"We can do a one-time treatment and totally reverse the condition," says Hao Yin, a postdoc at the Koch Institute and one of the lead authors of the Nature Biotechnology paper.
To deliver the CRISPR components, the researchers employed a technique known as high-pressure injection, which uses a high-powered syringe to rapidly discharge the material into a vein. This approach delivers material successfully to liver cells, but Anderson envisions that better delivery approaches are possible. His lab is now working on methods that may be safer and more efficient, including targeted nanoparticles.
Wen Xue, a senior postdoc at the Koch Institute, is also a lead author of the paper. Other authors are Institute Professor Phillip Sharp; Tyler Jacks, director of the Koch Institute; postdoc Sidi Chen; senior postdoc Roman Bogorad; Eric Benedetti and Markus Grompe of the Oregon Stem Cell Center; and Victor Koteliansky of the Skolkovo Institute of Science and Technology.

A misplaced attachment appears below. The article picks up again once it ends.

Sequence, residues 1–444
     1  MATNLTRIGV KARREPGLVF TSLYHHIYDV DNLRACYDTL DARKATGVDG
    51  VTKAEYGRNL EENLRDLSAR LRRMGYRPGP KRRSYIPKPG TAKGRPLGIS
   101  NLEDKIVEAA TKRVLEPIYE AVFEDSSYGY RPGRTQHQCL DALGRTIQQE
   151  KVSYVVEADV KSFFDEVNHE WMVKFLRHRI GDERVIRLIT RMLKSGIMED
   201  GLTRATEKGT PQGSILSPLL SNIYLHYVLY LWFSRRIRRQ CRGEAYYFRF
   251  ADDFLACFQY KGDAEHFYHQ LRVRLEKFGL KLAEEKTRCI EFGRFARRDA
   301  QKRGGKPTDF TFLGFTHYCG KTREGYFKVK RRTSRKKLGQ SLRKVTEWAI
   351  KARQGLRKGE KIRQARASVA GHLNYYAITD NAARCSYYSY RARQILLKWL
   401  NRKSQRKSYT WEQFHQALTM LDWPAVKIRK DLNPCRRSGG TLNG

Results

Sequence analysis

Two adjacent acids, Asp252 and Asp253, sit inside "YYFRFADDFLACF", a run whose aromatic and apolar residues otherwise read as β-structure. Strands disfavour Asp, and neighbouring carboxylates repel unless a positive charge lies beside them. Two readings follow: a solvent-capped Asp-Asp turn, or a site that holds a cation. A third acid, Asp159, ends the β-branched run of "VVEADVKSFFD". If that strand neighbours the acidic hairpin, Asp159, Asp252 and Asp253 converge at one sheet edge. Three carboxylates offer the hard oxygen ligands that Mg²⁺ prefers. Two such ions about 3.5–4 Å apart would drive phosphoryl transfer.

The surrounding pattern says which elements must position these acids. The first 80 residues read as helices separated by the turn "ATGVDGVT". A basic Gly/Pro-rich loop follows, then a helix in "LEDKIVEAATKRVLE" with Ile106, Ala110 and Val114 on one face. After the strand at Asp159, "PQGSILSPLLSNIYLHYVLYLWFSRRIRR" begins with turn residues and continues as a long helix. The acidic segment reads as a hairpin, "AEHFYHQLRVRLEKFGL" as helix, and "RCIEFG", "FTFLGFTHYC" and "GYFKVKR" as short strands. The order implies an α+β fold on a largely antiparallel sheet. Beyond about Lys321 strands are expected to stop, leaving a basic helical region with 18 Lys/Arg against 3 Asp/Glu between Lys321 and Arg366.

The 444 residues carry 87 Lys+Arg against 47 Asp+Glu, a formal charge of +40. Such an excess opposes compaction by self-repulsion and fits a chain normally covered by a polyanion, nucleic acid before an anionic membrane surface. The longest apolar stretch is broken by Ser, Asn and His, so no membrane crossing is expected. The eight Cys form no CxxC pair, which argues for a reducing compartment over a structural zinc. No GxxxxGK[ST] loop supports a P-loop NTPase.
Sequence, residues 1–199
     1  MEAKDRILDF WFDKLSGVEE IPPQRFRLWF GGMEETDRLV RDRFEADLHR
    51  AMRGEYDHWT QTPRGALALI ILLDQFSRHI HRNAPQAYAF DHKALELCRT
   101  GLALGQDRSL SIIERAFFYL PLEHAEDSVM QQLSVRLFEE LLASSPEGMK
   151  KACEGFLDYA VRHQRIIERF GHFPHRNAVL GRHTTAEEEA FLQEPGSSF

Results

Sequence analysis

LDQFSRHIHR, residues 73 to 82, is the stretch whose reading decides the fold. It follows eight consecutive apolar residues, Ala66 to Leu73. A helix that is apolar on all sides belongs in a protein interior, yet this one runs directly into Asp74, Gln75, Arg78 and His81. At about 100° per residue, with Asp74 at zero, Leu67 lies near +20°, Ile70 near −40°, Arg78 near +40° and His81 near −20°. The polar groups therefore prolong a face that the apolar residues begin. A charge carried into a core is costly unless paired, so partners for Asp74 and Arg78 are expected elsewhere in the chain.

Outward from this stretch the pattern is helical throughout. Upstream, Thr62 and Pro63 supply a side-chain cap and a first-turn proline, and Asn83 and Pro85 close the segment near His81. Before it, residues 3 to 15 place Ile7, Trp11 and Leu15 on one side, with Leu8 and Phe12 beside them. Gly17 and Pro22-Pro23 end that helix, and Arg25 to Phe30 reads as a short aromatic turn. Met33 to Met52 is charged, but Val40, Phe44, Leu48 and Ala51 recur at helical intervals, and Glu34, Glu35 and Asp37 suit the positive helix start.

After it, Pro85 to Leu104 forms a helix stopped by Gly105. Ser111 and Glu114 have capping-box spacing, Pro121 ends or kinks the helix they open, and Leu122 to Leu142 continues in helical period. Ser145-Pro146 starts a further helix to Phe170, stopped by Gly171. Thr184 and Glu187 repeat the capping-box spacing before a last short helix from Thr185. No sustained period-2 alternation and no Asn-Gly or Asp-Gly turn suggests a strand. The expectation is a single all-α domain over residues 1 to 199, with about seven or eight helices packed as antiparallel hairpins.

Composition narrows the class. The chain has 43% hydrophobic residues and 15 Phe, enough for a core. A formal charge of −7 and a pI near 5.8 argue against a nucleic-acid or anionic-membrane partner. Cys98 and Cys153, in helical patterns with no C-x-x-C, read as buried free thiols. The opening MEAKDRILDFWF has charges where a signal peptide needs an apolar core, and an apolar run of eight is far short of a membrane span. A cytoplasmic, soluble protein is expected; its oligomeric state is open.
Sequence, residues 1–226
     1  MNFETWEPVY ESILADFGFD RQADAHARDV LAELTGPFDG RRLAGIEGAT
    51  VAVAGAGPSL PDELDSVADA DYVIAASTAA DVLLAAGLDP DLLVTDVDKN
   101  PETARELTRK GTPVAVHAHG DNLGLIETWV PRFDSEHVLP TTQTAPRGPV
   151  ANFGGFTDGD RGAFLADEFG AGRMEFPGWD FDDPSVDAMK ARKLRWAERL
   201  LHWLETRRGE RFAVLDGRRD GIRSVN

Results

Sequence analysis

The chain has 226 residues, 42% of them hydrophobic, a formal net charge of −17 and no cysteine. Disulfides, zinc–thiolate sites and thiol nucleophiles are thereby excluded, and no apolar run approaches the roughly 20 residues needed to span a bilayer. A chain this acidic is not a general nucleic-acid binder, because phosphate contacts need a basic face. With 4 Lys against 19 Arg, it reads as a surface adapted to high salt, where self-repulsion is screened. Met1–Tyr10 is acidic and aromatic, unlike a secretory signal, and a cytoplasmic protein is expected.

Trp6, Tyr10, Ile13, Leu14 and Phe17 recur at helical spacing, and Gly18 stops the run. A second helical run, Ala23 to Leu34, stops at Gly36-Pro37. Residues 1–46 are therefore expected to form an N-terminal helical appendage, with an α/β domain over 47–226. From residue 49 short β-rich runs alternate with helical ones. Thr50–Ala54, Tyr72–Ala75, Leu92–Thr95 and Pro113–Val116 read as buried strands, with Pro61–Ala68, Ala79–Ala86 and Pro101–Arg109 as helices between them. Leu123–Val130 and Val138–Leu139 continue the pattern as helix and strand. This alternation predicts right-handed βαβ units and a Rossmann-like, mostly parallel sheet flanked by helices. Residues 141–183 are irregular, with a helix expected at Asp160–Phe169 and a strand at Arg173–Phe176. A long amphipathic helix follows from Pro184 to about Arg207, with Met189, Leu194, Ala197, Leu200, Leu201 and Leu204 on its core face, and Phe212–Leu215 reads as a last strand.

The research was funded by the National Cancer Institute, the National Institutes of Health, and the Marie D. and Pierre Casimir-Lambert Fund.
Written by Anne Trafton, MIT News Office
Sarah McDonnell | EurekAlert!
Microscope measures muscle weakness
16.11.2018 | Friedrich-Alexander-Universität Erlangen-Nürnberg
Good preparation is half the digestion
16.11.2018 | Max-Planck-Institut für Stoffwechselforschung
Researchers at the University of New Hampshire have captured a difficult-to-view singular event involving "magnetic reconnection"--the process by which sparse particles and energy around Earth collide producing a quick but mighty explosion--in the Earth's magnetotail, the magnetic environment that trails behind the planet.